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Champagne Gives Drinkers a Memory Boost

Update Date: May 08, 2013 04:28 PM EDT
champagne, wine
A new study reveals that drinking one to three glasses of champagne a week may counteract the memory loss associated with aging, and could help stall the onset of degenerative brain disorders like dementia. (Photo : Eric Thayer/Reuters)

Who says champagne is reserved only for celebrations? Now you can pop open a bottle of bubbly whenever you feel like you need a memory boost.

A new study reveals that drinking one to three glasses of champagne a week may counteract the memory loss associated with aging, and could help stall the onset of degenerative brain disorders like dementia.

According to the study published in the journal Antioxidants and Redox Signalling, phenolic compounds found in champagne can improve spatial memory, which is responsible for recording information about one's environment and storing the information for future navigation.

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Researchers explain that the phenolic compounds, which are more concentrated in champagne than in white wine, alter proteins linked to the brain's ability to store memories.  Previous studies found that these same proteins deteriorate with age, making memory storage less efficient and leading to poorer memory in old age and neurodegenerative diseases like dementia.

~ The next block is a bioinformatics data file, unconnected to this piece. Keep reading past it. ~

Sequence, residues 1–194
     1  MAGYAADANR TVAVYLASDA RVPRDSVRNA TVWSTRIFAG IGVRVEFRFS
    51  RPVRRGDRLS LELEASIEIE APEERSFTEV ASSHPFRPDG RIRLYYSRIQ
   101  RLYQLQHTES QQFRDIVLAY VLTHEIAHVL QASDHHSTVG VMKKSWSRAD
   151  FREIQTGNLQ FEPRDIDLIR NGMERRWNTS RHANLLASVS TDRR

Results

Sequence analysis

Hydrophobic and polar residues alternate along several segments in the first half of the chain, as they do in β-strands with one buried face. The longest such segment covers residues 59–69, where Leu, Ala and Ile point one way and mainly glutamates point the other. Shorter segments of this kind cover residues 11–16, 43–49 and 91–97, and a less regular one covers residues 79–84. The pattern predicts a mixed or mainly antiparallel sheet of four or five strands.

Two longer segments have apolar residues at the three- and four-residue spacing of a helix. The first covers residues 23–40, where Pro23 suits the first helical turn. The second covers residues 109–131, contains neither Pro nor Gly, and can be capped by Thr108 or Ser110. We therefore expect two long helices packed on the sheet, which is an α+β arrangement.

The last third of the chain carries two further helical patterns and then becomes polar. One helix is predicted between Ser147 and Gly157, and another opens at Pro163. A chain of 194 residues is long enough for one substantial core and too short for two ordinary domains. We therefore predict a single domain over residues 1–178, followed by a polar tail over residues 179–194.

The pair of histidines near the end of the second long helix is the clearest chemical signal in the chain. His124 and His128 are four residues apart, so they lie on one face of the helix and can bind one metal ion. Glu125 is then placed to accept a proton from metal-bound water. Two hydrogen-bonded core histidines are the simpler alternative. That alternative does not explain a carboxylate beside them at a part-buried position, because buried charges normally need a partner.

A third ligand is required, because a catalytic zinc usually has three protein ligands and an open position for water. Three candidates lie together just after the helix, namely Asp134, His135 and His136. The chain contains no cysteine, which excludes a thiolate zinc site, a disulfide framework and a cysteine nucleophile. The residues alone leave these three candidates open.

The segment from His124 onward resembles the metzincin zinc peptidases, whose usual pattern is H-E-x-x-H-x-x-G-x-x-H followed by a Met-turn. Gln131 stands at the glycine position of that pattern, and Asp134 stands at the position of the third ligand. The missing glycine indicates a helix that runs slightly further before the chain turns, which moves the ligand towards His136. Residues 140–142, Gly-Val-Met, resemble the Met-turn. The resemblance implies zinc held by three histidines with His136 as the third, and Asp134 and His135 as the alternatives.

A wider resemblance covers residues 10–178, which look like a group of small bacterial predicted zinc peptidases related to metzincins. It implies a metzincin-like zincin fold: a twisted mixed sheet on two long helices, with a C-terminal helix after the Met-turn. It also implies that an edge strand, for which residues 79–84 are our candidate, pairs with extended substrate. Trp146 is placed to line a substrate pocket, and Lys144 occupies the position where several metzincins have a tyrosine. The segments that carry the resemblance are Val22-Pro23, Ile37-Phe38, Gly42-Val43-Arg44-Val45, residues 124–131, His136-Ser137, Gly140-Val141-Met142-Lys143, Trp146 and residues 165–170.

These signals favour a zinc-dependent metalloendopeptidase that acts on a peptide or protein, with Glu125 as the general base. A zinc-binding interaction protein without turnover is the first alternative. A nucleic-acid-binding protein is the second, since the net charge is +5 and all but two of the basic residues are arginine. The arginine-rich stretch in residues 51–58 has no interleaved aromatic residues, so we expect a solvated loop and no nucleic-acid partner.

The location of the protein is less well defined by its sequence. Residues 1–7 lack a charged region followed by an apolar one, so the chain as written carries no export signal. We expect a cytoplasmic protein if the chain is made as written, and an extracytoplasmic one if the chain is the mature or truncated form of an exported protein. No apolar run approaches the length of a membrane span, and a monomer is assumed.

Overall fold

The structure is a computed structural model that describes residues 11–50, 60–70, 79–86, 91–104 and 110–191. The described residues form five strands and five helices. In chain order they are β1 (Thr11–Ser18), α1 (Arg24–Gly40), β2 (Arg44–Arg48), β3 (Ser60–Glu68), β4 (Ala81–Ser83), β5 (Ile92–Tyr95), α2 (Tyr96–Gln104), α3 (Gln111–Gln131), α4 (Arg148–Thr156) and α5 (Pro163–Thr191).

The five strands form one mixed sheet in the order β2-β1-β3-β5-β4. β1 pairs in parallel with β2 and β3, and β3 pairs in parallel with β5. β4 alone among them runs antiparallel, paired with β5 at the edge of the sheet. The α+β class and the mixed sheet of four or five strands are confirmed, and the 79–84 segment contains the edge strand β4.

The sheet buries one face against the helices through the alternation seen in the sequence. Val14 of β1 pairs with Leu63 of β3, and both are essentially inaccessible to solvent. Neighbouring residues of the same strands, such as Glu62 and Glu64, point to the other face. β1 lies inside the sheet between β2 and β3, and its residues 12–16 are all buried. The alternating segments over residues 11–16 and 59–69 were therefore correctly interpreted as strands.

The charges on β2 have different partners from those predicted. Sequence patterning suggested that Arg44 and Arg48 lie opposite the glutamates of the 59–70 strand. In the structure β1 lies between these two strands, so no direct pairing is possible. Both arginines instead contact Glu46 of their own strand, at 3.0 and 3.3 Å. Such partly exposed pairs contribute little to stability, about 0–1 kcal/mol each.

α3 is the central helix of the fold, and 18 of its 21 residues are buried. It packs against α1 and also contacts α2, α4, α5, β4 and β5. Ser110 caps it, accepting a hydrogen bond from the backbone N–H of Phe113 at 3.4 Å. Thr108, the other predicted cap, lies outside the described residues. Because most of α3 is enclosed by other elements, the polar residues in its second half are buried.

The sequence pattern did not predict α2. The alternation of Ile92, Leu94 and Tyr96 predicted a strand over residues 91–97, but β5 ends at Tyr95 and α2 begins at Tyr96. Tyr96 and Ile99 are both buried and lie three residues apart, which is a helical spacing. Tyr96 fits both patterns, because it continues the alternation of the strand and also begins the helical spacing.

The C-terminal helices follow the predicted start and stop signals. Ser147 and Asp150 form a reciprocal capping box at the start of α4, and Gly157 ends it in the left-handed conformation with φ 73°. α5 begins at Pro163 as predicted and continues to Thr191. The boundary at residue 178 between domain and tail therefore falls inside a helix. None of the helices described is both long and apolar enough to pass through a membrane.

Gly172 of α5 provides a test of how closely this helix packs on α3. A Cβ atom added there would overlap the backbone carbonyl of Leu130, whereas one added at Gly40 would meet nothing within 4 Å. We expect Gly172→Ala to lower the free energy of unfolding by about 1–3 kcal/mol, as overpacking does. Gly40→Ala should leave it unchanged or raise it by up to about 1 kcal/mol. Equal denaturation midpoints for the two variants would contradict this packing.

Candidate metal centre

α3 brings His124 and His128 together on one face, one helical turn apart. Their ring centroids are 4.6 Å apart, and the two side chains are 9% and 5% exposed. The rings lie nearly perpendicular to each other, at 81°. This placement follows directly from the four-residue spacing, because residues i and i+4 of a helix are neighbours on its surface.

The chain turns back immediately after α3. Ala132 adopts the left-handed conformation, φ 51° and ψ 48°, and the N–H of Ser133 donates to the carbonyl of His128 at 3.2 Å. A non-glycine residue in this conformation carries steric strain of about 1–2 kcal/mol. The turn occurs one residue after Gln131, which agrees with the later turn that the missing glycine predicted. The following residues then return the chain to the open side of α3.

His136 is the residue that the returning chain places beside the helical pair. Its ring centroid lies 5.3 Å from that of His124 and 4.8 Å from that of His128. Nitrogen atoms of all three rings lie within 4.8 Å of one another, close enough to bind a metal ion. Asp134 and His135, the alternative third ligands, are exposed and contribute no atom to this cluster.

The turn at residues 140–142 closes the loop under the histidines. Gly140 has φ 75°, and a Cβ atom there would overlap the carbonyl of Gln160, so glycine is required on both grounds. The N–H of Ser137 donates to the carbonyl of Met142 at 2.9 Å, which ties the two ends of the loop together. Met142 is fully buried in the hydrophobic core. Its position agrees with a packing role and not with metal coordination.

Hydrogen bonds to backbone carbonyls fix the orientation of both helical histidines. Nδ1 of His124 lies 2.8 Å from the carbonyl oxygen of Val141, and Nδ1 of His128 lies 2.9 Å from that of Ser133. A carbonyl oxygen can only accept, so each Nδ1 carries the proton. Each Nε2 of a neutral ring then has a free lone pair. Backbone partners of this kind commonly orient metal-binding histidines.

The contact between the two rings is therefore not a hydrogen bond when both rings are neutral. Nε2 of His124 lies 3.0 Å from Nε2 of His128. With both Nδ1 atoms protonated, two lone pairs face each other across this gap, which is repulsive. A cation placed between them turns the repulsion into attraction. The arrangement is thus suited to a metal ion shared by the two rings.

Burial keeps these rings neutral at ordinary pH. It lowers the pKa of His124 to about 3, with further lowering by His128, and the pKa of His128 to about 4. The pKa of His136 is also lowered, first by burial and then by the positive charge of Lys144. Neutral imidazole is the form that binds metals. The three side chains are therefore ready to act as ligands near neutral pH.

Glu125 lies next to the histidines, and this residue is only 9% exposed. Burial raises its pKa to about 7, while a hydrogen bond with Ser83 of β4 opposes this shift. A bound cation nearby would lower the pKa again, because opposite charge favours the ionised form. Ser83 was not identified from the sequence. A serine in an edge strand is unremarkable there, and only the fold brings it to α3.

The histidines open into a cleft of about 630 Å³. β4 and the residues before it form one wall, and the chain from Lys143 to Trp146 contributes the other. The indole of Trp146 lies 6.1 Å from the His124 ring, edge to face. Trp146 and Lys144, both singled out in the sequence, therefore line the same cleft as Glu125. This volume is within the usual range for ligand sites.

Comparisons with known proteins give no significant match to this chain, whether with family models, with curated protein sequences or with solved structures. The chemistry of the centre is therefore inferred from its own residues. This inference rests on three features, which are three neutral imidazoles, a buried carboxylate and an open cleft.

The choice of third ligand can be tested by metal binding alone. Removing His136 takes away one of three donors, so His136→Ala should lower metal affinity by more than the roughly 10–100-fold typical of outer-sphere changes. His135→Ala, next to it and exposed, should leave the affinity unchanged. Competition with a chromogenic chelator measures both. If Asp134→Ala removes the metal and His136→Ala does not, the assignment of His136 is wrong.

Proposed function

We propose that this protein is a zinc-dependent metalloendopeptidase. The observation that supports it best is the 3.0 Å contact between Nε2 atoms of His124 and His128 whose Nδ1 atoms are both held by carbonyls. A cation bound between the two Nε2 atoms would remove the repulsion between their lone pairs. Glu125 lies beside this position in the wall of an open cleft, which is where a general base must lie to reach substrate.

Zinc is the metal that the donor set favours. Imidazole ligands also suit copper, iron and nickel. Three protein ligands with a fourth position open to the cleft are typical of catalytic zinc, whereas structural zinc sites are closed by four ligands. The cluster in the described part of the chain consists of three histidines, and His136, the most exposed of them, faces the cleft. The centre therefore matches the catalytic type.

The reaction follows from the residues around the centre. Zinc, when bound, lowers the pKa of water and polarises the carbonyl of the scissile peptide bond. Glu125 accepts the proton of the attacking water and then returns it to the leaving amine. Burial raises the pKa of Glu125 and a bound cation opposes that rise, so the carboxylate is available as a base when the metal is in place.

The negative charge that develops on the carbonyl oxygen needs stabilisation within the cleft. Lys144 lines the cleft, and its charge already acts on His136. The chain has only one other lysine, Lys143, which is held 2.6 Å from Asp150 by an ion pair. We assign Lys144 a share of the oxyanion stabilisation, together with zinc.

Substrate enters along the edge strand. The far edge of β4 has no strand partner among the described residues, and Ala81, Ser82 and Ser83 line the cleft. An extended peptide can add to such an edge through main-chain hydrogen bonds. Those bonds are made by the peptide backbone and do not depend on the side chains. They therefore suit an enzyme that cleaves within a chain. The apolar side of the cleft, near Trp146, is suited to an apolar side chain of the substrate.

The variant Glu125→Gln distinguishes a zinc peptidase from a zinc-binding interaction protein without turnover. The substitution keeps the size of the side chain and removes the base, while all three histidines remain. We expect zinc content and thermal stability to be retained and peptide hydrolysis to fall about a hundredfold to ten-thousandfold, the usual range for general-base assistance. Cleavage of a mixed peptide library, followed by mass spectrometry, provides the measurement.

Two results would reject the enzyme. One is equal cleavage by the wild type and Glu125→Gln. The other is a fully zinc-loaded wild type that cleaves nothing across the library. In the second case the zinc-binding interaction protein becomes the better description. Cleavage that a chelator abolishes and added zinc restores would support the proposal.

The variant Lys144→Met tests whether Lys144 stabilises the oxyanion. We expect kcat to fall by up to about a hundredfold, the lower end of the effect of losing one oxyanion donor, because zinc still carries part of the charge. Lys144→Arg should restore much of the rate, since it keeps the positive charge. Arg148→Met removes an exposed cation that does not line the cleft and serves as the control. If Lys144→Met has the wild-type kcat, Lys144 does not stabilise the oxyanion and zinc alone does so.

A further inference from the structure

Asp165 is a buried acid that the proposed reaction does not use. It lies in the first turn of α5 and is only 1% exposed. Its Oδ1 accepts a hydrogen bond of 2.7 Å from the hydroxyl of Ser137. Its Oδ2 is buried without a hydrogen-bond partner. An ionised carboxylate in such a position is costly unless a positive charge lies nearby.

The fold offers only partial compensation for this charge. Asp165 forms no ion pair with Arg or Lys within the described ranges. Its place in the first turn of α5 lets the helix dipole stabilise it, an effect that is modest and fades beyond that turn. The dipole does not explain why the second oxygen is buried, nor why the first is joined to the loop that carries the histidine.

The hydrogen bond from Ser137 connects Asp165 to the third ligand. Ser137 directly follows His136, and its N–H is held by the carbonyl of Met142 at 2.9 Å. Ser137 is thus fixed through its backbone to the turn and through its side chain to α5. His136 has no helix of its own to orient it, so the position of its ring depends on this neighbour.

Because champagne slows these losses, researchers believe that it can help prevent the cognitive losses that occur during typical and atypical brain aging.

"These exciting results illustrate for the first time that the moderate consumption of champagne has the potential to influence cognitive functioning, such as memory," Professor Jeremy Spencer of the University of Reading said in a news release, adding that previous findings have also been reported with red wine through the actions of flavonoids contained within it.

"However, our research shows that champagne, which lacks flavonoids, is also capable of influencing brain function through the actions of smaller phenolic compounds, previously thought to lack biological activity," he explained.

Researchers noted that people should drink responsibly, adding that one to two glasses a week will be enough to boost memory.

"In the near future we will be looking to translate these findings into humans. This has been achieved successfully with other polyphenol-rich foods, such as blueberry and cocoa, and we predict similar outcomes for moderate champagne intake on cognition in humans," researcher Dr. David Vauzour said in a news release.

Previous studies found that two glasses of champagne a day may reduce the risk of heart disease and stroke by improving heart health and blood circulation.

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